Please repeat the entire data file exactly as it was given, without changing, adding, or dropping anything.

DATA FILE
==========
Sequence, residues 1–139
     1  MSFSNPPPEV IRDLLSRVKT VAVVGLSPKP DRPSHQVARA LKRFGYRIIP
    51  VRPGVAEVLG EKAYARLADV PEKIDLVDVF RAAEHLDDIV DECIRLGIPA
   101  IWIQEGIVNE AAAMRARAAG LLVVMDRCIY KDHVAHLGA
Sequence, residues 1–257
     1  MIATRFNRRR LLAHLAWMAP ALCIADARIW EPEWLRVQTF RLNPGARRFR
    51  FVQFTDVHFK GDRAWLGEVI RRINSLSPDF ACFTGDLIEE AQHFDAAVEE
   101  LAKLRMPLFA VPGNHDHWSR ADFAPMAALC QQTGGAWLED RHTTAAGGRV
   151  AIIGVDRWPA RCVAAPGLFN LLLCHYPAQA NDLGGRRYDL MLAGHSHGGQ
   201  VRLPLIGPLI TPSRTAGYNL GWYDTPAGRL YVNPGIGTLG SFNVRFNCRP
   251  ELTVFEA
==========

Sequence, residues 1–139
     1  MSFSNPPPEV IRDLLSRVKT VAVVGLSPKP DRPSHQVARA LKRFGYRIIP
    51  VRPGVAEVLG EKAYARLADV PEKIDLVDVF RAAEHLDDIV DECIRLGIPA
   101  IWIQEGIVNE AAAMRARAAG LLVVMDRCIY KDHVAHLGA
Sequence, residues 1–257
     1  MIATRFNRRR LLAHLAWMAP ALCIADARIW EPEWLRVQTF RLNPGARRFR
    51  FVQFTDVHFK GDRAWLGEVI RRINSLSPDF ACFTGDLIEE AQHFDAAVEE
   101  LAKLRMPLFA VPGNHDHWSR ADFAPMAALC QQTGGAWLED RHTTAAGGRV
   151  AIIGVDRWPA RCVAAPGLFN LLLCHYPAQA NDLGGRRYDL MLAGHSHGGQ
   201  VRLPLIGPLI TPSRTAGYNL GWYDTPAGRL YVNPGIGTLG SFNVRFNCRP
   251  ELTVFEA